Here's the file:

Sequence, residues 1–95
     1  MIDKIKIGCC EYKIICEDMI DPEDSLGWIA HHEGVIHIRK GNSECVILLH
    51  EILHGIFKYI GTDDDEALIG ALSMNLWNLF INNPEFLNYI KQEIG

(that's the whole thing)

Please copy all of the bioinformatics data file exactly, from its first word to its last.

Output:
Sequence, residues 1–95
     1  MIDKIKIGCC EYKIICEDMI DPEDSLGWIA HHEGVIHIRK GNSECVILLH
    51  EILHGIFKYI GTDDDEALIG ALSMNLWNLF INNPEFLNYI KQEIG